From quote #2: So many problems with this quote. Firstly, this guy is super hasty with his reply and leaves us questioning the hastiness of his work in general. Plus, he hasn’t seemed to notice that we are requesting solid hardwood over concrete subfloor. He quoted us for a nail down which is not possible over concrete without first installing a plywood layer over the concrete. And lastly, the price range he mentions for supplies ($2-5/ per square foot) is very cheap for solid hardwood. So we can assume he’s probably quoting based on engineered wood flooring, which isn’t what we want. Nevertheless, his average cost to install hardwood floor would be roughly:
- $1,500 for nail down installation (850 sq ft x $1.75)
- $1,900 for glue down installation (850 sq ft x $2.25)
- $1,700-4,300 for supplies
- Total is between $3,200-$6,200
From quote #3: Again, this guy doesn’t know about Easiklip and the ability to float a solid hardwood over concrete, so he is suggesting we use an engineered product. Further to that, he recommends we don’t go any cheaper than $7/ per square foot. Thus, his fees will look like this:
- $1,900 for glue down installation of engineered wood flooring (850 sq ft x $2.25)
- $5,950-$17,000 for material costs (850 sq ft x $7 | 850 sq ft x $20)
- Total is between $7,850-$18,900
Quotes #2 and #3 both gave us $2.25 per square foot as an installation cost. So let’s take that number to work with. That gets us to around $2,000 for our 850 sq ft project.
All these guys quoted us for engineered flooring, which was not what we wanted. But nevertheless, even if we do use their numbers, we’d fall somewhere between $1,700-$18,900 for materials. This number certainly doesn’t help us out much. But at least quote #3 recommended we not go any lower than $7/ per square foot for quality sake, so let’s take that number for starters. At $7/ per square foot for our 850 sq ft project, that gets us to around $6,000.
In conclusion, we are looking at a staring point of around $8,000 for our job ($2,000 for labour plus $6,000 for materials)…AND this is just for engineered wood. Not even solid hardwood, which is what we actually want.
Step 4: Install the flooring ourselves
So we now have an idea of the going rates for an installation of engineered wood flooring, but are going to move forward with installing our own Easiklip solid hardwood flooring over our concrete subfloor.
First we needed to round up a few tools and supplies for the installation:
- Miter saw. Purchased from local hardware store for $499.99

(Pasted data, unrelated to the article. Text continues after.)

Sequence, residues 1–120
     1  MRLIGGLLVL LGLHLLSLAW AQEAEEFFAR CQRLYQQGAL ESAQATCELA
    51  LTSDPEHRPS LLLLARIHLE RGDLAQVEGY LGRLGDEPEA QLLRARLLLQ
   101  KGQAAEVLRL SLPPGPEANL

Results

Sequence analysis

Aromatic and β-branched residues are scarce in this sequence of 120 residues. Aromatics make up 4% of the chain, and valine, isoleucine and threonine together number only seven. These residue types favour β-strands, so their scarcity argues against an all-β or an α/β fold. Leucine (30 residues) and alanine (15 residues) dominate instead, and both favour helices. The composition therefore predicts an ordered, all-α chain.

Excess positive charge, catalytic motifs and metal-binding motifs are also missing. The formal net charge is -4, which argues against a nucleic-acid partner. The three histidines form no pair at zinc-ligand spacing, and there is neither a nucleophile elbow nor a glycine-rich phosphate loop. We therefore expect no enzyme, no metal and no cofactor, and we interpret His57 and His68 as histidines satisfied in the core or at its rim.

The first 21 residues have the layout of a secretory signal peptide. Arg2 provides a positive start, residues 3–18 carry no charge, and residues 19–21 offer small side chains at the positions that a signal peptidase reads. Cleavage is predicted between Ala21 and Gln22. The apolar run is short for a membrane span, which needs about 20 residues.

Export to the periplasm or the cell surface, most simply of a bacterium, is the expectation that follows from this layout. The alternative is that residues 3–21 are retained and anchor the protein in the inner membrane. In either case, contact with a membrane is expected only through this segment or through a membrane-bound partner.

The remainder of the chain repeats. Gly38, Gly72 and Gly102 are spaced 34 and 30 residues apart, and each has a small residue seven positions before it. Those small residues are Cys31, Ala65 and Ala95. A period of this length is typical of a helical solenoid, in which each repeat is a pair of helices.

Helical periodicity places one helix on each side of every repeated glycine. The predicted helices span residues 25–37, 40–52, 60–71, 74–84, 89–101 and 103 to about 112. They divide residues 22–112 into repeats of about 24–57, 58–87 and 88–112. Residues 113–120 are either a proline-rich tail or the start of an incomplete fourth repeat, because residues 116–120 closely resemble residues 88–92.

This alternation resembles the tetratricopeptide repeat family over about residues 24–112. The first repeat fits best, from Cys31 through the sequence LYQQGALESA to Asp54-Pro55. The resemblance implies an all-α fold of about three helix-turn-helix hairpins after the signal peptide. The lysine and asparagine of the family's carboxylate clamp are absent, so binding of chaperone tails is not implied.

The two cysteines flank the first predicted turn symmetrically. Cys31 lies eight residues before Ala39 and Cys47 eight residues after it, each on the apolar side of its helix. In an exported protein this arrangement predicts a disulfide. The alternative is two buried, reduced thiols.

- Dust masks. Already had these lying around.
- Work gloves. had these lying around
- Tape measure. Purchased from local hardware store for $12
- Table saw. Borrowed from our handyman
- Broom and vacuum cleaner. Had this already.
- Hammer. Had this lying around.
- Staple gun. Had this already.
- Vapour Barrier. 10ft x 100ft roll purchased from local hardware store for $70
- Foam underlayment. 2 x 500 sq ft rolls purchased from local hardware store for $218
- Hardwood flooring. We elected our Easiklip “Natural Oak” flooring and prepared 881.4 sq ft of flooring. Currently valued at $4,750.75 (881.4 sq ft x $5.39/sq ft).
- Oak baseboards. Purchased from local hardware store for $84.04
- Nail gun. Our handyman had this already.
- T-mouldings. 2 x 78” mouldings purchased for $45 each
- Glue gun and glue for installing T-mouldings. Our handyman donated this.
Timeline of events for our hardwood flooring installation:
After assembling all our supplies, we completed our installation in the following order:
Day 1: Preparation
Tear up carpet, clear furniture and open up all the boxes of flooring to acclimatize them to the room.
Time spent: 3 hours approx.
Day 2: Laying the flooring
This was technically day 4, as we waited a few days for the wood flooring to acclimatize, but it was our second day of labour.
On this day, we installed all the hardwood flooring. Steps included laying the vapour barrier and foam underlayment, then installing the hardwood flooring over top. Below is a video of this entire process. At the start, you can see the opened boxes of flooring stacked on top of each other. We installed one row at a time. The majority of the work was completed by two people, but occasional help from a couple other office staff was used. No one on the work team had installed hardwood flooring before, so we all learned on the fly.
As you can see from the video below, the installation of all 850 sq feet of Easiklip click solid oak flooring was completed in one day (just watch the sunlight outside).